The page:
needs. It is questionable, however, whether the current approach to
adjusting for either unmet need or unjustified utilisation is
adequate (see Galbraith, 2008).
A selective approach to conceptualising unmet need
The current resource allocation model is rather selective in its
approach to unmet need. For example, it assumes that past
patterns of utilisation across different age groups appropriately
reflect the underlying need for health care. Older people do make
high use of both primary and secondary care. However, several
studies conclude that there is under-utilisation among this age
group relative to need (Peake and Thompson, 2003; Bond et al,
2003; Holmes et al, 2003; Williams et al, 2004; Beswick et al, 2004;
Crome and Natarajan, 2004; Yong et al, 2004; Grande et al, 2006).
This would suggest that the per capita costs allocated to older age
groups may be conservative.
While evidence of unmet need according to age is ignored by the
formula, the HCHS component does incorporate additional
morbidity variables to ‘capture some of the effect of unmet need
where ethnic minority groups and low income groups do not receive
health care services to the same level to that of others with similar
health care characteristics’ (Department of Health, 2005a, p. 20).
Yet, research evidence of a ‘pro-rich’ bias in health care is
equivocal. Reports that poorer social groups have lower than
predicted rates of utilisation (e.g. Ben-Shlomo and Chaturvedi,
1995; Black et al, 1995; Payne and Saul, 1997; Hippisley-Cox and
Pringle, 2000; Morris, Sutton and Gravelle, 2005; Morris et al,
2005) have been challenged by evidence that suggests that poorer
people receive as much if not more health care than richer people
for equal need (e.g. Macleod et al, 2000; Asthana et al, 2004;
Britton et al, 2004; Jones et al, 2005; Adams and White, 2005;
Strong et al, 2006; Kee et al, 2007). Thus, as a recent large-scale
review of inequalities in health care concluded, “the evidence does
not consistently point to poorer access for socio-economically
disadvantaged people, even when need is accounted for; some
studies even suggest that there is a pro-poor bias in the NHS”
(Dixon Woods et al, 2005, p.97). The picture that emerges with
respect to ethnic minority status is similarly ambiguous (Dixon
Woods et al, 2005, p.130-35).
It is important to acknowledge that people from lower income and
ethnic minority groups may face similar difficulties with respect to
processes of presentation, negotiation, adjudication and acceptance
as do older people. Thus, the point is not to suggest that one group
is more or less disadvantaged than another with respect to access
to health care, but to demonstrate that the evidence on inequalities
is complex and equivocal. Against this background, the selective
and unambiguous approach taken to adjusting for unmet need in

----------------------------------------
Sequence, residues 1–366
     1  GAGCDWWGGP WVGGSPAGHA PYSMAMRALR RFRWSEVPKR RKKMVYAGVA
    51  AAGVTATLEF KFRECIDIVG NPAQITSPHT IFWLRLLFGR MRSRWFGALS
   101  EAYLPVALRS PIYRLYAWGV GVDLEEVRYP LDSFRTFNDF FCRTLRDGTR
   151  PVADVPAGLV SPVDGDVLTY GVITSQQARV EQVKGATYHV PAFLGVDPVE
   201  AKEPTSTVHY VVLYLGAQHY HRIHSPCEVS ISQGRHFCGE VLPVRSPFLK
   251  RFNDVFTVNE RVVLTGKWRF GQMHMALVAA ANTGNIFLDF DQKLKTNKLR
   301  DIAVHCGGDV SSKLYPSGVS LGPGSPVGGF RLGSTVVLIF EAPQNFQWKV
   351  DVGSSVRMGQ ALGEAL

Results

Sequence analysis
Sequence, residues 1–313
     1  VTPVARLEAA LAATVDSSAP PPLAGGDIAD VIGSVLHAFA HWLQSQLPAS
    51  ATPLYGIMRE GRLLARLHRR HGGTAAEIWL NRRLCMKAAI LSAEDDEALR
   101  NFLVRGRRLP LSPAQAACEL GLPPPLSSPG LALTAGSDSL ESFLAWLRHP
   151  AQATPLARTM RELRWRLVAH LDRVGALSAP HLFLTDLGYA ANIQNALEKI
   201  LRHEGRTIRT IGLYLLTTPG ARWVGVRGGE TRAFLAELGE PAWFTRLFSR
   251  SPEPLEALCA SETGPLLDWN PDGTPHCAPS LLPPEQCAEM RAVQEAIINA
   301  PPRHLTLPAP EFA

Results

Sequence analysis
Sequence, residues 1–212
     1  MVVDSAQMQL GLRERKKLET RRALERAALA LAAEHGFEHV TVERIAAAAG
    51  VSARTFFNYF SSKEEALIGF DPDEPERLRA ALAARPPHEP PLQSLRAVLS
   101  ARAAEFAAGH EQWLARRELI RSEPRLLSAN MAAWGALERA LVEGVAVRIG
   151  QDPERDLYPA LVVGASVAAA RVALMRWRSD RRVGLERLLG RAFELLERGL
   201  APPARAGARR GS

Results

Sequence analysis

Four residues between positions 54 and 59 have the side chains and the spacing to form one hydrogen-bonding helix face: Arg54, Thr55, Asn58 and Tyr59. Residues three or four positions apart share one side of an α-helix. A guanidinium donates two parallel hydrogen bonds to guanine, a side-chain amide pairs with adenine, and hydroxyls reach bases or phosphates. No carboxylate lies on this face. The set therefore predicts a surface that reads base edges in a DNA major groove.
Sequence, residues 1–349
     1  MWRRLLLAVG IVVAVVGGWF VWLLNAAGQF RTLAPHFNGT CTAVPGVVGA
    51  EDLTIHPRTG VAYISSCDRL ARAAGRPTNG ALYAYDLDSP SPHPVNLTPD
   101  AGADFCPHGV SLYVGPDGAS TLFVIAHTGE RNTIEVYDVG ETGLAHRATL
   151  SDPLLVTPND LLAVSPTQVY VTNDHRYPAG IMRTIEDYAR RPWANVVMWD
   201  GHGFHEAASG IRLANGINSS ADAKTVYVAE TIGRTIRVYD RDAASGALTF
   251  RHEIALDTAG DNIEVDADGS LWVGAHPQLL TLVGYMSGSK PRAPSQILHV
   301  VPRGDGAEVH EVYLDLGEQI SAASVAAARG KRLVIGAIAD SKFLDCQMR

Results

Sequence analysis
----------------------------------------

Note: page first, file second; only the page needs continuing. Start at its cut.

the resource allocation formula is questionable.
There is, of course, a geographical dimension to demography,
deprivation and ethnicity. The youngest, most deprived populations
tend to be urban, while populations in rural areas are often both
demographically older and relatively affluent. Urban areas also
have the highest concentrations of ethnic minority groups. The
implications of social bias in health service utilisation (and
subsequent resource allocation) are thus not geographically
neutral. If the model’s assumptions about unmet need are not met
or if, indeed, there is pro-poor bias and/or ageism in health service
use, then one would expect urban areas to be the prime
beneficiaries.
There is some published empirical evidence which suggests that
this occurs. A comparison of utilisation-based measures against
direct health estimates as a basis for setting capitations for the
inpatient treatment of coronary heart disease found that the former
allocated resources to urban deprived areas to a higher level than
implied by morbidity alone. Rural areas, by contrast, appeared to
be under-resourced (Asthana et al, 2004).
Is it possible to adjust adequately for supply?
The weighted capitation formula is not only likely to reflect
systematic inequalities in existing utilisation. There is a strong
possibility that it will reinforce inequality in a vicious/virtuous
cycle of resource allocation. Thus, a higher supply in areas that are
well-resourced in relation to underlying need stimulates higher
rates of utilisation which are in turn rewarded by higher
allocations. By contrast, relatively low levels of funding influence
lower rates of provision and use.
‘Supply effects’ are, of course, controlled for in the statistical
models that inform the English formula. However, critics doubt
whether ‘… modelling techniques (can) deal adequately with a
system where demand, utilisation and supply are so inextricably
linked’ (Sheldon and Carr-Hill, 1992). The current approach to
adjusting for supply uses physical measures such as access and
capacity. This takes inadequate account of the demographic and
socio-economic biases in health service utilisation which have a
geographical dimension which largely parallels that of supply. Thus
there can be 'no justification for the claim that consideration of
supply effects can convert a formula to predict ‘standardized
utilization’ into a formula to predict appropriate standardized
utilization’ (Stone and Galbriath, 2006).
What are we achieving - health care equity
or health equity?
Assumptions regarding the legitimacy of utilisation, together with
the selective approach taken for conceptualising unmet need and
the failure to adjust adequately for supply, suggest that bias (of
uncertain magnitude) is likely to creep into the system of resource
allocation. However, the pattern of allocation to urban deprived and